A Writer on Pause No More

I’m a writer.

But it’s not what buys the bread and puts kids through college. For that, I am also a teacher.

But the best part of being a teacher and writer is, of course, summer. Summer is when I can hit the resume button and become a full-time writer again. I am at that blissful part of my year as I currently write this. Writing happiness has returned once again.

I’ve had the most wonderful writing routine the past three days, and it looks sustainable for the next month or so. I carve out of my day about three hours to sit alone with my laptop, immersed in my thoughts, and punch out as much coherent dialogue and description that I can during that time frame. Then I pack it up, get back to family time, cook some dinner, and ponder where my next writing episode the following day will take me.

Three hours is typically the maximum amount of time that I can concentrate on writing. Sometimes only two depending on how the chapter is coming together. By the time I reach the two or three hour mark, I’m ready for a break. I need to allow what I have written to sink in my brain and make sure it is exactly where I want to take the story. I don’t like to get too far ahead of myself. Three steps forward. The next day, I’ll backtrack and re-read what I wrote. Edit and revise. Check and double-check, and then plow on to the next chapter or segment. When I get to do this this everyday for two or three hours, I can make a lot of headway, and within a month, I can have a solid outline for a complete novel.

I’m currently working on book 2 of my first trilogy. I’m already over the 42,000 word mark while cruising into the latter half of the book. I’m having a blast with this story and can’t wait to see where it will take me.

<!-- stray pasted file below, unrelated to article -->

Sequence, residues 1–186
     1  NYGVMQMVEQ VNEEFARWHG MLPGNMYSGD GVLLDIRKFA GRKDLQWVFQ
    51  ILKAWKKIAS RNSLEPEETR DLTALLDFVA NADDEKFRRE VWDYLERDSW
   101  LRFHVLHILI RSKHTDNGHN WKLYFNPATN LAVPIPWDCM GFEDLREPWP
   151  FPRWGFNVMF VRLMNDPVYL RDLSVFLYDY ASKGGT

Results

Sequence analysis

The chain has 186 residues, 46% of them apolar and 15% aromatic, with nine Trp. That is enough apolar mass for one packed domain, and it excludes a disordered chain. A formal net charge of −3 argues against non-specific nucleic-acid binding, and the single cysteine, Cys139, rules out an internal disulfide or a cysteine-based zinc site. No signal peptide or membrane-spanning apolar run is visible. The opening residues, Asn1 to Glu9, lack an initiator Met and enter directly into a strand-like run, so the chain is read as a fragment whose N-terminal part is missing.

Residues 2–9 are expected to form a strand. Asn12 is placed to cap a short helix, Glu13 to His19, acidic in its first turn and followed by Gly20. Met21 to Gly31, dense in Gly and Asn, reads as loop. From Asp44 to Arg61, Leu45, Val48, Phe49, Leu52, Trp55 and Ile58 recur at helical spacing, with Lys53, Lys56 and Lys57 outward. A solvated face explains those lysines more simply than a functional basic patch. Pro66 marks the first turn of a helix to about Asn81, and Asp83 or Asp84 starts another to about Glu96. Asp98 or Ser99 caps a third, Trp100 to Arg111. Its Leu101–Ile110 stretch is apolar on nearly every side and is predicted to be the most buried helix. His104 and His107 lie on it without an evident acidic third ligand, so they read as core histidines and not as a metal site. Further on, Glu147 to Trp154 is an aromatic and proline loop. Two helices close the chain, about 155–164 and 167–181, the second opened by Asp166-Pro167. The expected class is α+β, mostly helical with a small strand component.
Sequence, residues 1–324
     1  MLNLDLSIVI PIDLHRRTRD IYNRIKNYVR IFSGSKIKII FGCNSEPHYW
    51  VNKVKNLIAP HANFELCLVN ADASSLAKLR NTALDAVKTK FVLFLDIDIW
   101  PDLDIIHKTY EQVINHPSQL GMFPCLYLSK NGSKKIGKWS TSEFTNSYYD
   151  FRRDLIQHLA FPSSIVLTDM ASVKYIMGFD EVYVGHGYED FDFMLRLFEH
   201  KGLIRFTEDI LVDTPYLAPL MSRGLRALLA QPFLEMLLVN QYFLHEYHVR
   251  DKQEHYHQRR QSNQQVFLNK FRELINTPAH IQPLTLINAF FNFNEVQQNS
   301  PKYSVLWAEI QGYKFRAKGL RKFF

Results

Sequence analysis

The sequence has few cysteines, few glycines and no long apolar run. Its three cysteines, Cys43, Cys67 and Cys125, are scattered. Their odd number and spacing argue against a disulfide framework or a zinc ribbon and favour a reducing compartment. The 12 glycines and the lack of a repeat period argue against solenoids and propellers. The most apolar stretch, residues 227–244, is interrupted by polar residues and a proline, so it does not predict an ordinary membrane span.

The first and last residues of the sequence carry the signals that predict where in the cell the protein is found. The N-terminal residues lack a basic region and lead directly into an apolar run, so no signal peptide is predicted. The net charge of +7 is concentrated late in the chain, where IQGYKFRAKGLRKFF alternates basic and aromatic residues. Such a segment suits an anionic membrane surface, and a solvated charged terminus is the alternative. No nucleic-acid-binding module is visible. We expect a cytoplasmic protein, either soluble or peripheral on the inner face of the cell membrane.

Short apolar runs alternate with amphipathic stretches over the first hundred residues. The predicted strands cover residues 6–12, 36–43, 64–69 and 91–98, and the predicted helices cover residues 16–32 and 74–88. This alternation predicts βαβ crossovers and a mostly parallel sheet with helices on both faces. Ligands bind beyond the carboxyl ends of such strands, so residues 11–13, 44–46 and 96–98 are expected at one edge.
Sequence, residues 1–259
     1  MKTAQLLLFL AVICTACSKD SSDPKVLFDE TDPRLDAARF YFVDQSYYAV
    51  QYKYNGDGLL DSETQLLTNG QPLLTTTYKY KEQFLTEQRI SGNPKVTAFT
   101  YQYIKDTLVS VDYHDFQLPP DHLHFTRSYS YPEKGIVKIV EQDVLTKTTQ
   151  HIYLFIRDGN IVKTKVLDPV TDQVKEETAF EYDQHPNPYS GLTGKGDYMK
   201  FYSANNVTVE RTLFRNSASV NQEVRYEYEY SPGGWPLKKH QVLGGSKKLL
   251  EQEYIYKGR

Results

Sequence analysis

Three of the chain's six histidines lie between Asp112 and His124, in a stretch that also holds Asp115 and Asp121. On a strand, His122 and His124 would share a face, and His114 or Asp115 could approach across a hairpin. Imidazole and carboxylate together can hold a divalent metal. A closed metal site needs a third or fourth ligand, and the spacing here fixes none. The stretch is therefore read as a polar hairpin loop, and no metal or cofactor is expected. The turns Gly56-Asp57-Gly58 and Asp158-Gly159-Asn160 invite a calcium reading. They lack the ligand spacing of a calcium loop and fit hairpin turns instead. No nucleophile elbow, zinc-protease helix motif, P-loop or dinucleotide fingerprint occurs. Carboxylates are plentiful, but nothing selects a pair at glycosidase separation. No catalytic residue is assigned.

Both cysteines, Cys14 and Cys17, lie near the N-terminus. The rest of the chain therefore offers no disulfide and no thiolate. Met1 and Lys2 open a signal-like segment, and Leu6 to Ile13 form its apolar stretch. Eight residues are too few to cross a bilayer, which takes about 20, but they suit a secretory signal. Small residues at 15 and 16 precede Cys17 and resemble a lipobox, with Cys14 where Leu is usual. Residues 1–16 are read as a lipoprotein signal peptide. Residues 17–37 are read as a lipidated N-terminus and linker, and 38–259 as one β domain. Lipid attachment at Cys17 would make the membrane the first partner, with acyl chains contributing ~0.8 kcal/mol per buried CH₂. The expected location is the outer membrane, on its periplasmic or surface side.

A summer where the pause button is no more. The pedal is to the metal. Full speed ahead. It’s exciting. Stay tuned.

How about you? How do you carve out time for writing?


8 Ideas, 15 Minutes (The Sad Reality of No Time)

Our school is having some meetings coming up at the end of the month, and I’ve been asked to write up some skits, and find some actors who would perform short pieces for each one which illustrate different life lessons.

I’m always happy to do so, and now I even have a creative writing group which meets once a week to help me with the task. We will need 6 skits, and my group meeting is tomorrow, so I decided that I should take a few minutes and get down a couple ideas to get our brainstorming session off in the right direction.

Well, 15 minutes later, I have already detailed out 8 different skit ideas. I could probably have 8 more in the next 15 if I wanted to continue, but I don’t think it’s necessary. I think we will already have enough to work with.

I’ve been in a wonderfully creative spot these last few years. Ideas tend to jump out at me at all moments, and, thus, the sadness of this reality weighs heavily upon me: I simply do not have enough time to explore all my ideas. Life and work seem to stand in the way.

What would I be able to accomplish if I had nothing to do all day but writing and planning writing? I know what I can accomplish when I have a week like that. Vacation time is incredibly productive for me. Imagine if I had 52 weeks of vacation. I’m pretty sure my keyboard would need to be replaced.

This could be kind of depressing, but I can’t let myself think that way. I will choose to believe that my brain is working at its creative best exactly because of the current environment I’m working in. I get to interact with lots of young people. That keeps my brain young, right? I get to discuss and wrestle with many different important issues which can only help further my ideas, right? And when I do have time to write, I’m ready and focused to get as much done as possible. So, perhaps it’s best that I don’t have any additional time.

Although I wouldn’t mind trying the 52 week vacation at some point to see if my creative juices truly have no end. What if they didn’t? That possibility is what always gets me excited.